It’s been said that color influences our mood, emotions, and even behavior – from appetite control to shopping.
Of course, we have to be careful not to oversimplify and over-exaggerate what we find in the literature, but color does seem to have some effect on a range of factors – among them, high-level performance.
So could something so seemingly trivial as the color of our dress, shirt, or tie give us an advantage in performance and audition/competition settings? Or is this just much ado about nothing?
Red vs. blue
A 2005 study found that athletes in boxing, tae kwon do, and wrestling at the 2004 Olympic Games won more often when wearing red outfits than when wearing blue (16 of 21 rounds, and 19 of 29 weight classes).
The difference was statistically significant (meaning, not likely due to chance), but why did this happen? Did wearing red change the athletes’ mental, physical, or emotional states in some way so as to give them some small, but meaningful advantage over their opponent?
Red effects on athletes
A more recent study found that wearing red uniforms does indeed have an effect on athletes’ physiological states before and during a fight.
For instance, when participants were wearing red chest protectors and gear, they generated more force on a strength test than when they put on equivalent blue outfits (194.38kg vs. 175.84kg).
Their heart rate when fighting was also higher when wearing red than when wearing blue (162.00 vs. 155.71).
Red effects on judges
Interestingly, it seems that observers are also affected by the color of the uniforms.
In a study of referee judgment, officials were asked to watch and score videos of tae kwon do fights. The researchers showed each video twice – once with normal colors, and once where they tweaked the videos to switch the uniform colors. When all was said and done, the referees tended to award more points to the fighters wearing red – even when they watched the same fight with colors switched!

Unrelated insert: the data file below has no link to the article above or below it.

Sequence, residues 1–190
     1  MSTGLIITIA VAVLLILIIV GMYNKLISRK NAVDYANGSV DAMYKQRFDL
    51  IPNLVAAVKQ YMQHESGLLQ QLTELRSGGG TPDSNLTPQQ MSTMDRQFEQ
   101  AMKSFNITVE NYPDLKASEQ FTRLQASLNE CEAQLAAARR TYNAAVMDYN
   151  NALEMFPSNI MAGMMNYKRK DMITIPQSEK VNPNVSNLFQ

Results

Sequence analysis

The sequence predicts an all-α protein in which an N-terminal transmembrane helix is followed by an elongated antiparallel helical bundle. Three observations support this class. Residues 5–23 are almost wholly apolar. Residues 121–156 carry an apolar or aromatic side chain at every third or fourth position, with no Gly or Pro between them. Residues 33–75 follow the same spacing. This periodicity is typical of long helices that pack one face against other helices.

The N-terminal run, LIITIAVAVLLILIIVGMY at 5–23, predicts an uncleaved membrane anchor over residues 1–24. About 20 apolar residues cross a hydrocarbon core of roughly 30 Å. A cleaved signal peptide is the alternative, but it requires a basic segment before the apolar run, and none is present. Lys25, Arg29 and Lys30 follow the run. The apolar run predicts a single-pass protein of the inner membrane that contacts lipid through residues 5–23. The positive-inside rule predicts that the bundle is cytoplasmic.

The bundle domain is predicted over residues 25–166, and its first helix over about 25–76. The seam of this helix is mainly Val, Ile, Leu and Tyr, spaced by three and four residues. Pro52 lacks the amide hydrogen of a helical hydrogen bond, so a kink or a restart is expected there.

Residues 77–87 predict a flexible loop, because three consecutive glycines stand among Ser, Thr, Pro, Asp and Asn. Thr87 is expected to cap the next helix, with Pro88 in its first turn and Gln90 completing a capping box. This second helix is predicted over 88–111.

But don’t get carried away…
Wait! Before you get too excited and go on a shopping spree, I should let you know that red-clad Olympians didn’t demonstrate the same performance advantage in the 2008 Olympic Games as they showed in the 2004 Olympics.
I suspect this has to do with the fact that there are individual differences in how the impact of color affects performance. Remember how we all have an individualized optimal zone of functioning in which we do our best performing?
For some athletes, an elevated heart rate may put them into their zone of optimal functioning (ZOF) and facilitate higher-level performances. For others, this might take them out of their ZOF, and lead to worse performances.
So it’s not as straightforward as simply wearing red – the right color or outfit probably depends on what you need to get into the right mental/physical/emotional state.
Dress on purpose
So there may be days when you need to get more excited, and wear outfits that get you fired up. And then may be days when you want to be more calm, and wear outfits that help you feel more chill.
After all, we know intuitively and from experience that what we wear can absolutely have an impact on how we feel and subsequently act.